Home' Trinidad and Tobago Guardian : July 14th 2014 Contents A76
Guardian www.guardian.co.tt Monday, July 14, 2014
RIO DE JANEIRO---Germany won the World
Cup. Host Brazil won a world of new friends.
The now four-time world champions, the
first European team to win it on South Amer-
ican soil, earned the honour of lifting the
most recognised trophy in sports with a tooth-
and-nail 1-0 victory in a final as terrifically
entertaining as the tournament itself.
For a 32-day showcase of football at its
best, the winning goal was beautifully appro-
priate. Mario Goetze controlled the ball with
his chest and then volleyed it into the Argen-
tine goal, making difficult skills look so simple.
Scored in the 113th minute, the mortal blow
left Argentina too little time to recover.
German Chancellor Angela Merkel, sat in
the VIP section with other world leaders,
waved a clenched fist as Goetze celebrated.
When referee Nicola Rizzoli blew the final
whistle a few minutes later, Vladimir Putin
reached across and shook Merkel s hand. The
Russian president s country hosts the next
World Cup in 2018.
Sepp Blatter, president of World Cup organ-
iser FIFA, and Brazilian President Dilma
Rousseff embraced as Germany s players went
crazy with joy and Argentina s wept.
One of the ironies of this World Cup is
that even though the tournament will be
remembered as a resounding success, it was
a headache for Rousseff and Blatter to the
As they handed over the gold trophy to
Germany captain Philipp Lahm, the Maracana
Stadium echoed with an insulting chant aimed
at the Brazilian president. There were resound-
ing boos, too, when she was shown shaking
the hand of losing coach Alejandro Sabella.
Such protests were also heard at other sta-
diums during the tournament, demonstrating
how the party atmosphere was really only a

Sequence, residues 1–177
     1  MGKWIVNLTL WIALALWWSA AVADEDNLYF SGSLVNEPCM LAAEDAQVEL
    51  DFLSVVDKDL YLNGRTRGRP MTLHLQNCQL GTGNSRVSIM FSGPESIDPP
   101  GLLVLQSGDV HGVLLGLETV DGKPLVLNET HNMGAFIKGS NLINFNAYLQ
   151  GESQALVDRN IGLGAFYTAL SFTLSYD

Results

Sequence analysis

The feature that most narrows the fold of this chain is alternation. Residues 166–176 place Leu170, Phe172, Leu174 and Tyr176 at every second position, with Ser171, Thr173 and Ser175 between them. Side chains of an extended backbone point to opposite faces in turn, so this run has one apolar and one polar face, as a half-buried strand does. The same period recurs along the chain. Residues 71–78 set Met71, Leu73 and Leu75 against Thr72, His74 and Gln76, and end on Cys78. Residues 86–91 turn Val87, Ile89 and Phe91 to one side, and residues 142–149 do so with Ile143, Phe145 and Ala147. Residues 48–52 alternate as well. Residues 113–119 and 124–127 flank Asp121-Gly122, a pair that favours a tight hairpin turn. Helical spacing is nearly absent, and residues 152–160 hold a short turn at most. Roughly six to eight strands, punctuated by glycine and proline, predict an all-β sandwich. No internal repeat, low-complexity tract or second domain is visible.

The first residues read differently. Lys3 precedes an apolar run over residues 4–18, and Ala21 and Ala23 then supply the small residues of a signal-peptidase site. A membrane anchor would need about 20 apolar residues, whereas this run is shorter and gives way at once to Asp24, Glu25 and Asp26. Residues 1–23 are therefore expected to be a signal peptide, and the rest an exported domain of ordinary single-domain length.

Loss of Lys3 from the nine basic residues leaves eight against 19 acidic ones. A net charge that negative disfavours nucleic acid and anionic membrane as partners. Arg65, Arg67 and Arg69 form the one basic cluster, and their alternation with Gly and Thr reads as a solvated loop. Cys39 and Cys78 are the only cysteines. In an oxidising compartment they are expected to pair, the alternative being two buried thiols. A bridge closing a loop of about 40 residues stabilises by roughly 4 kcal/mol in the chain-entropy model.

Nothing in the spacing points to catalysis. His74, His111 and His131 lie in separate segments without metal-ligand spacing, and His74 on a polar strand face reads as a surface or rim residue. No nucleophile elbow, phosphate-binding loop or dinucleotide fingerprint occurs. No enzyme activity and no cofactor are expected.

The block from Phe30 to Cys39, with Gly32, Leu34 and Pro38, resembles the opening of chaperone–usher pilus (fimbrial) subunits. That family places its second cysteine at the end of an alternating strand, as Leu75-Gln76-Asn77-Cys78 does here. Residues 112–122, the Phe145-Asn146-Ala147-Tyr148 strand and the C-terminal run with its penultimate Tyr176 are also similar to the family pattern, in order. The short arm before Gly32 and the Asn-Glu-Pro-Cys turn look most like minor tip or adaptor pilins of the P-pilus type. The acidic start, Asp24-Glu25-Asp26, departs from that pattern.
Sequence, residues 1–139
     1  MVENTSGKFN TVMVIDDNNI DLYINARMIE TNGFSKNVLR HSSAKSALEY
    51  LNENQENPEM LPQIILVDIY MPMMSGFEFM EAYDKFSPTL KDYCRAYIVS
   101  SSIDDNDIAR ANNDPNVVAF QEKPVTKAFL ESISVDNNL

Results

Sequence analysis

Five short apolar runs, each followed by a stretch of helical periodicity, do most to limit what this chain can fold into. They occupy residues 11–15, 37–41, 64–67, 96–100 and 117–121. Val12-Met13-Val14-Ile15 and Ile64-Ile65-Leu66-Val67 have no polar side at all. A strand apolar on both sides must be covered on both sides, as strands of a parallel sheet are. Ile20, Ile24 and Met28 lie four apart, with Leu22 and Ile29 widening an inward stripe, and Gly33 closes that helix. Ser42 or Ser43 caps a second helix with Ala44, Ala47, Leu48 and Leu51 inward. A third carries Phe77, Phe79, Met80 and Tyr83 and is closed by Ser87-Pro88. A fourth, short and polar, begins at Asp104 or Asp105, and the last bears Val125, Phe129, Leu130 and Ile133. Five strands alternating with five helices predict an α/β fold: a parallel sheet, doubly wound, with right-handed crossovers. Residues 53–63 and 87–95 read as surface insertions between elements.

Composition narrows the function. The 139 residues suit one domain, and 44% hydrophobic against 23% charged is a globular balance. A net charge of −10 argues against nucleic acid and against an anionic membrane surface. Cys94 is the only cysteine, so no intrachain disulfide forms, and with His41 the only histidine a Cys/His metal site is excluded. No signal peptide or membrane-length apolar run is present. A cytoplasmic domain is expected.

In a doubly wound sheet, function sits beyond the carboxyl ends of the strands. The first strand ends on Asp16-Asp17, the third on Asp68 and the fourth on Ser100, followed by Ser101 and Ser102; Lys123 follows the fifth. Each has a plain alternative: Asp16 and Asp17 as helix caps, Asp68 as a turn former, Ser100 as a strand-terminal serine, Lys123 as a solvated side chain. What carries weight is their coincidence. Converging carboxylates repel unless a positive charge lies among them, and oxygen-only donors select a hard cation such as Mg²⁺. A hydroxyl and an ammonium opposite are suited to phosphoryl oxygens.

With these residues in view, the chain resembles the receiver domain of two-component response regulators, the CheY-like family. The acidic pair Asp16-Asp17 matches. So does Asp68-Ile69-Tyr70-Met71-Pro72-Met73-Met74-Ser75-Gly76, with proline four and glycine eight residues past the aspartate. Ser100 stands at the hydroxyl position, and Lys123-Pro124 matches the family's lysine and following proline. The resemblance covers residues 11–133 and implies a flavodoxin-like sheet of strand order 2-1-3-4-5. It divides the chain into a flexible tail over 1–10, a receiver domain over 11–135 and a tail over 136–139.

thin veneer for grave public misgivings about
$13 billion of spending on cup preparations.
As sunset-pink clouds made way for night,
and the teams treated the watching world to
30 minutes of extra time because they were
still scoreless after 90 minutes, the iconic
Maracana bathed in light looked like a space-
ship landed between the hills, high-rises and
favelas of Rio de Janeiro.
The 74,738 fans had a ball, especially Ger-
mans and Brazilians who didn t want Argenti-
na, their neighbour and fiercest football rival,
to win a third world title. They drowned out
the Argentine fans tireless, jaunty singing
with piercing whistles and shouted "Ole!"
when Germany players had the ball, weaving
their game of intricate passing.
The biggest game in football attracted a
good sprinkling of celebrities. David Beckham
hugged Pele. Supermodel Gisele Bundchen
snuggled with her husband, NFL star Tom
Brady. Rolling Stones front-man Mick Jagger
was there, too.
Even with tired legs as they played into
extra time, the two exquisitely matched teams
gave and sought no quarter. Germany brought
brawn, its intricate passing and movement
and tireless determination to attack and attack
again. Argentina responded with bruising
defense and craftiness and could have won
had its players not wasted chances.
For the highest stakes in football, players
bruised body and soul. German midfielder
Bastian Schweinsteiger was carrying a cut
under his right eye as he walked up with his
teammates to collect the trophy. Midfielder
Christoph Kramer played on for 14 minutes
with a suspected concussion before he was
replaced by Andre Schuerrle. It was Schuerrle
who provided the cross that Goetze controlled
so magically. Kramer s head injury was the
last in a series at this World Cup that will
put pressure on football to better protect
players from concussion.
RIO DE JANEIRO---Mario Goetze lived up to the
billing of being one of Germany s most talented
players by scoring the goal that ensured Germany
became the first European team to win the World
Cup title in South America.
Goetze came off the bench in the 88th minute
and netted the winner in the 113th minute of the
final against Argentina with a perfectly taken vol-
ley.Andre Schuerrle, another substitute, broke away
down the left flank and sent a cross into the penalty
area. Goetze controlled the ball with his chest perfectly
as he ran and from five meters (yards) fired a left-
foot volley from an acute angle inside the far post.